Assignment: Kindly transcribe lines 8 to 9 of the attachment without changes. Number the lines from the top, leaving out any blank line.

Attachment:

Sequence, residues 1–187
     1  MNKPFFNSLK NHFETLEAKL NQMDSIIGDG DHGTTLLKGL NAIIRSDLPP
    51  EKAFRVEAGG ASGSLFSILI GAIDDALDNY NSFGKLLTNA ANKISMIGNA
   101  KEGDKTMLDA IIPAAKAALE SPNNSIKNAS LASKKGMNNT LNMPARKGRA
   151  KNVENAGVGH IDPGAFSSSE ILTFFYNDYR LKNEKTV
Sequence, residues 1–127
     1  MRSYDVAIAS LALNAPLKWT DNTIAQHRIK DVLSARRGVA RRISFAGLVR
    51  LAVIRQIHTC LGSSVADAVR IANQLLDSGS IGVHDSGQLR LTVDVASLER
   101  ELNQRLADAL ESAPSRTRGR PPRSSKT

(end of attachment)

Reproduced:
    51  LAVIRQIHTC LGSSVADAVR IANQLLDSGS IGVHDSGQLR LTVDVASLER
   101  ELNQRLADAL ESAPSRTRGR PPRSSKT